Wednesday 29 July 2020

Ten Steps To Make Your Life CRUSTIER Starting Today (step 5): Prophecy of Doom "The Peel Sessions" 12'' Ep, 1990

There are a couple of tacit but nevertheless crucial, and indeed immemorial, rules that even the most seemingly unflinching crusty has to abide by if the all-important crust credibility is to be maintained at all time. Some have been thoroughly documented by notorious crust anthropologists and I strongly recommend to read such classic studies as The Elementary Structures of Crustship or Coming of Age Rituals in Patched Societies. Today, I will focus on one of these ground rules so that the unexperienced reader will no longer be caught dithering like a speed virgin when asked about his or her favourite recording of /insert name of classic UK hardcore crust bands from the mid/late 80's/, a common enough question in punk socialising spaces like glamorous d-beat gigs, distro stalls or, of course, the bar. Make no mistake as a wrong answer to such a critical enquiry could have you banned from the crust elite for any number of years and from being asked to play in a retro stenchcore band, which is pretty much the highest rank in crusty social groups, the very top of the crust chain. In fact, there have been many instances where the question merely served as a means to gauge the current crust level of a new recruit, not unlike a rite of passage marking the transition from "poser" to "proper". So if you nurture the dream to one day become the guitar player of a tasteful synth-driven stenchcore band, the right answer could be decisive whereas faltering awkwardly "the first album?" will probably not suffice and might condemn you to only attain the spot of the bass player in a new school d-beat band. Therefore, whenever possible, safely go for "the Peel Sessions are excellent". 

A fine example of Midieval art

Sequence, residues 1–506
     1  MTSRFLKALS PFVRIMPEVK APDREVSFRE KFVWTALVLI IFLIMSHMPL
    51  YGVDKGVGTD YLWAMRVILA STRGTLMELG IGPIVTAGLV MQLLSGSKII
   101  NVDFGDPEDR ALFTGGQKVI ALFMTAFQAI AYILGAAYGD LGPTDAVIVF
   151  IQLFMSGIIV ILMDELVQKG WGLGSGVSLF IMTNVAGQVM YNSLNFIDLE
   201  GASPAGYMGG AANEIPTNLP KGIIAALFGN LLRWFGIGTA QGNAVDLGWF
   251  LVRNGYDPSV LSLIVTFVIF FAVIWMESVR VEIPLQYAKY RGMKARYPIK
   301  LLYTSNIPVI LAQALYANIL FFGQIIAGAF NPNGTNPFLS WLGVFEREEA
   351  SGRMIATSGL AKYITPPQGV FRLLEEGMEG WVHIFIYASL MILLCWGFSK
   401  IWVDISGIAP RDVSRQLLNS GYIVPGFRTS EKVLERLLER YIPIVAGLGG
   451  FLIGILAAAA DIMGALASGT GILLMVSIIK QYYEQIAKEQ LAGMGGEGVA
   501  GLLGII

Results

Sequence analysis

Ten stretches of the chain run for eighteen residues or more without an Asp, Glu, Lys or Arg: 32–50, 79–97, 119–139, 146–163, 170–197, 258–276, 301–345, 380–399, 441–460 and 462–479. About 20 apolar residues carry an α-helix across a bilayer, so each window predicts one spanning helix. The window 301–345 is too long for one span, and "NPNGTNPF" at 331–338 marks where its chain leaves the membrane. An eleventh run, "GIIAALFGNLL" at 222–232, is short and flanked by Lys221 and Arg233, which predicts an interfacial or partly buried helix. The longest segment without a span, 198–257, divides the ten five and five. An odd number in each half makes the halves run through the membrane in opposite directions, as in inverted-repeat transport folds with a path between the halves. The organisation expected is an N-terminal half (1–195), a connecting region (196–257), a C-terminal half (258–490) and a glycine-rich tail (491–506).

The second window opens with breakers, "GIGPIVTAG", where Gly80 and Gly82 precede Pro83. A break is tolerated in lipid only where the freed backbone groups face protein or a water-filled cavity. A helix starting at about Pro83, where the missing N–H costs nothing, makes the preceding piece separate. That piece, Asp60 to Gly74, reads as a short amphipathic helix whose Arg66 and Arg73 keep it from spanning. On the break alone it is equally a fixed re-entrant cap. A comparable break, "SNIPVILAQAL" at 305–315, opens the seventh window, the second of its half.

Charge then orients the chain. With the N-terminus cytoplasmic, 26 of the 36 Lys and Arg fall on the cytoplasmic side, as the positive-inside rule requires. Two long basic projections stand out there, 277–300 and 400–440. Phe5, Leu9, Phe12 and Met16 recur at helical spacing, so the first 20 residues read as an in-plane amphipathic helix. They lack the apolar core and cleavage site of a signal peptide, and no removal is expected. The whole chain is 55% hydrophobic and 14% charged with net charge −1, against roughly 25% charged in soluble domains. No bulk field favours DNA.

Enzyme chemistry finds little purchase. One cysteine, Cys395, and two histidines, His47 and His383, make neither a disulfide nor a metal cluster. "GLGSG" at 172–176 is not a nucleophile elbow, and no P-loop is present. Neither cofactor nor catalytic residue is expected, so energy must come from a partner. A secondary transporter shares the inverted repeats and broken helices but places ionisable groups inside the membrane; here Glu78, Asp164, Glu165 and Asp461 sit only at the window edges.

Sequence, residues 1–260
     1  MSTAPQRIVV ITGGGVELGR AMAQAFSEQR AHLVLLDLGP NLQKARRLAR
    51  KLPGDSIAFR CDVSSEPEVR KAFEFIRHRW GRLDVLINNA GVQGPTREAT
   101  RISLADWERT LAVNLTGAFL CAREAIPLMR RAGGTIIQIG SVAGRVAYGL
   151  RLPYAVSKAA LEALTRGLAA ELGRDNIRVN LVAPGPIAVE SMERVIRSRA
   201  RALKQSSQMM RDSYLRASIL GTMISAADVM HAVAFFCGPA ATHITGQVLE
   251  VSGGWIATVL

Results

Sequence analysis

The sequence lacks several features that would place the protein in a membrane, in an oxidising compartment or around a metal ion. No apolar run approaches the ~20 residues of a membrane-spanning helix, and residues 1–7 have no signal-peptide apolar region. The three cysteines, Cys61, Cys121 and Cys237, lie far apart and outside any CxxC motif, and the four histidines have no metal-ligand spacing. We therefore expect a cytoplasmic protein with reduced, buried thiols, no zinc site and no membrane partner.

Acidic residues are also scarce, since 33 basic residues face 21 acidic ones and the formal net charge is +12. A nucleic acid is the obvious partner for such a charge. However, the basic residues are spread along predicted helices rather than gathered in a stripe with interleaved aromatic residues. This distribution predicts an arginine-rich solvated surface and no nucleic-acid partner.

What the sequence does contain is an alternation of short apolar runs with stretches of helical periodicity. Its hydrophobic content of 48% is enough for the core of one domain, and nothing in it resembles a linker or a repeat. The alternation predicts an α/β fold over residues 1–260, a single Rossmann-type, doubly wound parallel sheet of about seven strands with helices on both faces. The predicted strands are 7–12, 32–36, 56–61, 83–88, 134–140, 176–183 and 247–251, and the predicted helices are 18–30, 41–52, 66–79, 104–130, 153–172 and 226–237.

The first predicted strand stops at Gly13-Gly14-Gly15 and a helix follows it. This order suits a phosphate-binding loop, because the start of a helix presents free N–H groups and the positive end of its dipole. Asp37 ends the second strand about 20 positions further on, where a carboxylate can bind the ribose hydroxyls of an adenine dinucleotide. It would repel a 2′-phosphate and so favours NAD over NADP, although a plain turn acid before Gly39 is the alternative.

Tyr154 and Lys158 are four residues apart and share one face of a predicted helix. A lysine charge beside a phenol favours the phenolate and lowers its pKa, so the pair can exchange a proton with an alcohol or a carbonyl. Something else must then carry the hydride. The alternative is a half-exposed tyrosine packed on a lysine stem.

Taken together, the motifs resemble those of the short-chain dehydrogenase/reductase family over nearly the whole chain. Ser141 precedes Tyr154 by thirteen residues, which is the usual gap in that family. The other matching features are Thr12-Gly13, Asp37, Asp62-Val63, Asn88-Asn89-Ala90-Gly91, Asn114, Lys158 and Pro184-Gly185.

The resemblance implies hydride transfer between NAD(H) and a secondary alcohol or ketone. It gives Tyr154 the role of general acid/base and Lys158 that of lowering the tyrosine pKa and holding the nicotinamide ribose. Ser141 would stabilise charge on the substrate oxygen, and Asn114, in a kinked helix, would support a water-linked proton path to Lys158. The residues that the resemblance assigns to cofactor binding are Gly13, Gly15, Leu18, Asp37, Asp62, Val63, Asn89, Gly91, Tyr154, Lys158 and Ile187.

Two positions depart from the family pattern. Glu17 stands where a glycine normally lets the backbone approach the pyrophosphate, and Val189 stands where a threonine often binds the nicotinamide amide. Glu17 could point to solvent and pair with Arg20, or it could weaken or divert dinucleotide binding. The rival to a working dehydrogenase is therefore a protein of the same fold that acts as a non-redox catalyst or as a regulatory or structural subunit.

Not only is such an answer - almost - always true, as you could indeed argue that the best materials of Extreme Noise Terror, Doom or Napalm Death were recorded during their visits to the BBC studios (I personally consider the transitions between ENT's "I'm not a fool" and "In it for life" and between Doom "Symptom of the universe" and "Multinationals" to be some of the most poignant moments of crust magic ever put to tape), but it also shows that you acknowledge the influence that John Peel has had on the making of the so-called UK hardcore scene and sound. To be offered a Peel Session was a big deal for punk bands at the time. Pretty much every punk kid was a fan of the man's open-mindedness and enthusiasm and got to discover top bands through his show so it was felt as a major achievement to be invited to be a part of it, without mentioning that your band was going to be broadcast nationally on the BBC with all the exposure that ensued. I suppose one of the main reasons - if not the main reason - why punk Peel Sessions always sounded ace was that, for many bands, it would be the only opportunity to play on state-of-the-art equipment, as opposed to the usually shitty amps of their practice spaces, which accounted for the fantastic sound production they were treated with. Besides, the very idea of playing the noiziest, filthiest grinding hardcore on such expensive appliances, live on the BBC radio must have felt quite exhilarating and an antithesis in action. Punk, innit?